The Defendant/homeowner is required to file an answer within 20 days after being served with foreclosure or a default judgment may be entered and the property may be sold within 90 days. If the homeowner files an answer, discovery and perhaps a bankruptcy, the homeowner may win the lawsuit, have the lawsuit dismissed, or the foreclosure process may take years.
In the months or years it takes to foreclose, a homeowner often makes no insurance, property, tax or mortgage payments eventually filing a Chapter 7 or Chapter 13 bankruptcy so there are no deficiency or tax problems. You can build up savings that enable you to find other housing. A new mortgage at a normal interest rate is often possible 3 years after the sale. The Homeowner should defend the foreclosure and file a Chapter 7. Otherwise, the mortgage company may collect the deficiency and the mortgage company will file a 1099-c causing an income tax problem. Charging off the debt creates an income to the Debtor and a tax credit for the lender.
A Chapter 13 is the primary tool that allows a homeowner to keep a home. A homeowner may take up to 5 years to catch up the mortgage and may be able to strip (eliminate) a second home mortgage if there is no equity for the second mortgage. You may also be able to complete a mortgage modification by filing a Chapter 13 so you can take time to complete the application. Improper charges to the loan can be challenged by motions to deny the mortgage companies claims and lawsuits may be brought against the mortgage company or servicer.
A Chapter 7 bankruptcy is a good option if you wish to surrender the home or if you are close to current on your mortgage and wish to keep the home. If it would only take a couple of months to catch up and the mortgage company will accept the payment the 4 months a Chapter 7 takes may give you that time.
A Chapter 7 may also make the home affordable by eliminating other debts. Chapter 7 will temporarily delay a foreclosure and eliminate the tax and deficiency liability if it is properly filed prior to the sale. In a Chapter 7 you rarely lose property and wipe out unsecured debts that may be causing the problems with paying the mortgage. You can keep a substantial amount of equity in your home and other property. In Kentucky you can have more than $23,000 in equity for a single person or $46,000 if a couple is on the deed. Even if a home eventually forecloses a bankruptcy trustee may be much better than a foreclosure in state court. In state court you may or may not be able to retain the state 5,000 dollar exemption in the property. In a bankruptcy sale the proceeds:
- go to the taxes and mortgages first
- then to the Debtor
- then to any non-dischargeable debts such as Child Support and income taxes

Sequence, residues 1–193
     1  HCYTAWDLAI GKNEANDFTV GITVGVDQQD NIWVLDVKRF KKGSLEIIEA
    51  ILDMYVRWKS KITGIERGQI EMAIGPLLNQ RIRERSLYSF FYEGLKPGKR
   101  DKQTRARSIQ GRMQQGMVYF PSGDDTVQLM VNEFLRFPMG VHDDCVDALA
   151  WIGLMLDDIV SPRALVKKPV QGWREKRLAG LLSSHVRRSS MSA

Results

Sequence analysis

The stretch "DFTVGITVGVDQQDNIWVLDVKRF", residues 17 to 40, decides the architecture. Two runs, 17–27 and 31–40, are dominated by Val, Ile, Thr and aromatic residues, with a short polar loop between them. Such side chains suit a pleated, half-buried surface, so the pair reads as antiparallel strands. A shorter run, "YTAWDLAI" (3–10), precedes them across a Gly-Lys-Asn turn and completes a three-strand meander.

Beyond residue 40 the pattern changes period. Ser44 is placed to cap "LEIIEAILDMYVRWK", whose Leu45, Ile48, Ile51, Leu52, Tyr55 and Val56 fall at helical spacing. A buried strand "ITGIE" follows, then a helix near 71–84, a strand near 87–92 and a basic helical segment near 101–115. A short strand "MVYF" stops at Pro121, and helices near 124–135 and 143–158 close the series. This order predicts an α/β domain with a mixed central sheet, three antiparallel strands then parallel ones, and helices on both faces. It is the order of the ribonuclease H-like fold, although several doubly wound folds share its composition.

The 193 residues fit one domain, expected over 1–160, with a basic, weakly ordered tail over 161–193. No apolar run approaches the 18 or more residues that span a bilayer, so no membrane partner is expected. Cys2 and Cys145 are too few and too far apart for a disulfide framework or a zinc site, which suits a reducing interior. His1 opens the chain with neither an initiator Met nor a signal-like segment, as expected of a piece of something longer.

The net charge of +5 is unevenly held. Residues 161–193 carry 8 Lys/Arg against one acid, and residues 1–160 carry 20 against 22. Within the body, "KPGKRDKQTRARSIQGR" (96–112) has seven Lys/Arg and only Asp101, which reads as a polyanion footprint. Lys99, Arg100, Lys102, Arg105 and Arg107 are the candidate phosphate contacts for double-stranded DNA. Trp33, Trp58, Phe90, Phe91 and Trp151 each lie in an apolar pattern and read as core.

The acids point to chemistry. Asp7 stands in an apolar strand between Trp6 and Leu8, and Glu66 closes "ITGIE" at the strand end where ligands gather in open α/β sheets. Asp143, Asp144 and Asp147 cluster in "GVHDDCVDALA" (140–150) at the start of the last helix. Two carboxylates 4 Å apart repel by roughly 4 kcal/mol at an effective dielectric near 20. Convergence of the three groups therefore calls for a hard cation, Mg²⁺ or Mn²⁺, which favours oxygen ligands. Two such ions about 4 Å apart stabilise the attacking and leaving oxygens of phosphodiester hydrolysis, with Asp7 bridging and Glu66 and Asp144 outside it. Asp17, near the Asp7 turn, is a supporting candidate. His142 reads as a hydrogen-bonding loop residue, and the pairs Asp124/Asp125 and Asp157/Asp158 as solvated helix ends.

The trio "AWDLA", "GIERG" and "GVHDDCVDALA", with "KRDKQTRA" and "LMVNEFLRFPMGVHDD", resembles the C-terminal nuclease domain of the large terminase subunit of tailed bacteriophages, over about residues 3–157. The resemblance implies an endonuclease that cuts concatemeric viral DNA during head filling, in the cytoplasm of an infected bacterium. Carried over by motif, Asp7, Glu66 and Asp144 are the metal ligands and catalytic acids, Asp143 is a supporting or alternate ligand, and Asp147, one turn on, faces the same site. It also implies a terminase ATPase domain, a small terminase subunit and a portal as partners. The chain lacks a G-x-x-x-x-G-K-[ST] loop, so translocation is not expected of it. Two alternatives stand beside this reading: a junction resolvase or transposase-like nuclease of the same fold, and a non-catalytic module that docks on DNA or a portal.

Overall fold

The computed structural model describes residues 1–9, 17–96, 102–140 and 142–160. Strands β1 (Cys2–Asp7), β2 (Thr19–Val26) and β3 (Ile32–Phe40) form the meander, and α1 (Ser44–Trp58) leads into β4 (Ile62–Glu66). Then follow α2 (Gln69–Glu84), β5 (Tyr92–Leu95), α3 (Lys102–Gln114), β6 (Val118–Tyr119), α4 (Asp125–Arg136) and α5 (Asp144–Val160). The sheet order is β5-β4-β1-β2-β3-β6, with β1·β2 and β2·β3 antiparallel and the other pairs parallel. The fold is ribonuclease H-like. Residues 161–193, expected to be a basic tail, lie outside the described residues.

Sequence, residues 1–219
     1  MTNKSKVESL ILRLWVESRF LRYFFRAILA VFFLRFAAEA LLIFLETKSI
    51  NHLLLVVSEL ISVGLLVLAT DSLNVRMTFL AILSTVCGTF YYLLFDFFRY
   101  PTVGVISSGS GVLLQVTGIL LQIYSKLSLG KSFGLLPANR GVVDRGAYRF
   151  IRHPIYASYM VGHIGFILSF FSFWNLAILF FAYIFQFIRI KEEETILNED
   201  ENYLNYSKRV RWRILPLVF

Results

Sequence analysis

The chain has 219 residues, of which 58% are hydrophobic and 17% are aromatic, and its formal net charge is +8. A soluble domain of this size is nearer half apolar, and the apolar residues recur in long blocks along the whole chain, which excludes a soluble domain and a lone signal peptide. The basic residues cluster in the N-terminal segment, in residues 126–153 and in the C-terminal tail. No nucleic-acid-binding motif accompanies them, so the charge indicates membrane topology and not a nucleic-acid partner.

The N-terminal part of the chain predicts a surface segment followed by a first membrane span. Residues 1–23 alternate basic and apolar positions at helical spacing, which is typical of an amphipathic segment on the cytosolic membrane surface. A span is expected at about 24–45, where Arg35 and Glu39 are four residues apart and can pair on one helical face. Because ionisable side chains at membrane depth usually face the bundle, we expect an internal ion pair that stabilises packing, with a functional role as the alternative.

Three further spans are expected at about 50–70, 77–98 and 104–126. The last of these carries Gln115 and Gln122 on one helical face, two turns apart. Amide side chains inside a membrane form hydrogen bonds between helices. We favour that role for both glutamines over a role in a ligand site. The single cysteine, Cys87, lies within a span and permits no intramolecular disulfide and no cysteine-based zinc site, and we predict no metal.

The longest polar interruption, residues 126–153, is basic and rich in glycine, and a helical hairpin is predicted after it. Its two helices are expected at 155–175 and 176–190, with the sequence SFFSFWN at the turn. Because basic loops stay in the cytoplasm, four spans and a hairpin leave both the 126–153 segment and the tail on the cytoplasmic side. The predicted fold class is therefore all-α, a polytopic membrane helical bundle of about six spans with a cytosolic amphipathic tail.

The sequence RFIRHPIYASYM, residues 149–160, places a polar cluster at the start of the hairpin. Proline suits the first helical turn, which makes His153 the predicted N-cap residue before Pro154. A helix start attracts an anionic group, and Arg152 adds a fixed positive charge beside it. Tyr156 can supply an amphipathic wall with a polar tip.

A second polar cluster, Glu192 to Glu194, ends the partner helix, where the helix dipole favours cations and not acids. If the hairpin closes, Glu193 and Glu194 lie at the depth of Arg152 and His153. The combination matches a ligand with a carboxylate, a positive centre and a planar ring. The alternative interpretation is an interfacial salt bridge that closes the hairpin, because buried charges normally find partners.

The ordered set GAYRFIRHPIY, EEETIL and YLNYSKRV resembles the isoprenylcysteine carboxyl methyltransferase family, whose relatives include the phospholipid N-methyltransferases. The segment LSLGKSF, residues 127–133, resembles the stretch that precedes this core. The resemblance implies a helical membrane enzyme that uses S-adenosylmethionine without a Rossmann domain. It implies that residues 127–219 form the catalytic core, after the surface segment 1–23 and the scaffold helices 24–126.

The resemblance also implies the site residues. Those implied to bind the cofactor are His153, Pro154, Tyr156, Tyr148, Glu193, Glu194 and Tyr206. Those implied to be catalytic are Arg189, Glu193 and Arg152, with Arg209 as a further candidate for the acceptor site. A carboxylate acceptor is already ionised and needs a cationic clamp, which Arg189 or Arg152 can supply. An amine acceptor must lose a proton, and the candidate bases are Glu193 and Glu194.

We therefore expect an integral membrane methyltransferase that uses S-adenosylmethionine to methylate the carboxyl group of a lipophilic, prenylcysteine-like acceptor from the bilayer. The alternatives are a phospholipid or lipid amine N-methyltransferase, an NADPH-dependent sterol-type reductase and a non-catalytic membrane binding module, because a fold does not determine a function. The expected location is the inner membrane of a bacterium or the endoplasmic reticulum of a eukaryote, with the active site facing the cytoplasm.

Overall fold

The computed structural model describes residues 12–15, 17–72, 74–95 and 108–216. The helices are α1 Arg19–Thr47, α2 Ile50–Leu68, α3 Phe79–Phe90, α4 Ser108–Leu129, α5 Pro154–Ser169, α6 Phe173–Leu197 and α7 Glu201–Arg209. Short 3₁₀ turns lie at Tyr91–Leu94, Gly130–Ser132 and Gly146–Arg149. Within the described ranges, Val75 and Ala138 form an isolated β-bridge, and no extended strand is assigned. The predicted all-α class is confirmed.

- and finally to unsecured creditors and judgment liens.
In a state sale the proceeds goes to judgment liens before the debtor is paid. The debtor only keeps $5,000 in equity not the $23,000 exemption. The Debtor, his income taxes and Child Support are paid last if anything is left.
Bad Kentucky Foreclosure Defenses:
The Foreclosure defenses that do not work so well are:
These options normally may either take weeks or months. You can attempt a reinstatement, workout or modification while you defend the foreclosure or while you are in bankruptcy. But you normally don’t have the time to do these solutions if the house can be sold in 90 days. You are too late to file a bankruptcy or answer to the lawsuit and save the home after the auction happens. You just do not have the time.
The interest, penalties and legal fees continue to add up. Sometimes they promise a workout but continue to foreclose. If the home is a bargain and worth what is owed at a reasonable rate it may be worth saving by obtaining a Reinstatement of the mortgage if you have the money and can afford catching up the payments in a short period of time. In a workout you work with a Counselor to get a:
- Forbearance – relief from making monthly payments for a period of time but at a cost to equity.
- Repayment or Reinstatement – plans to make up missed payments.
- Interest rate reduction.
- Reduction in loan balance (very rare) often only offered after litigation.
- If the bank refuses reinstatement or workout a 13 can force payments on the bank
Most of the modification programs ended Dec 2016. Over 90 percent of all mortgage modification applications fail. Banks often will agree to a temporary rate reduction but at a long term increase in the interest or amount paid back. Workouts eliminate the past due payments but places that amount back into the principle increasing the amount you owe. Governmental programs haven’t been successful and the new program HARP has had the same failures that HAMP had. There is no longer a right or requirement by the bank to do any particular program but if they do take an application they have to process it properly.
Short Sales and Deeds in Lieu of foreclosure
You work with the lender to sell the property for less than the loan is worth. Very little benefit to you from this option over foreclosure. You are doing the work for the mortgage company and being forced out of the home early. You may still owe a deficiency and it triggers an income tax debt from a 1099-C for the defficency after doing the work. Finally you are liable to lawsuits from the purchaser for property defects.
Deeds in Lieu
You give the property to the lender prematurely. This has a very small benefit to you on the credit rating. Often it still leaves you with a deficiency and/or tax problems. However sometimes the lender will waive the deficiency and may offer a cash for keys option to help fund your move.
Just walking away
This still leaves the homeowner liable for income taxes and the deficiency. If the property is condemned there may be fines and other penalties for building and code violations. Always live into the home until the home is transferred by a deed to a new owner.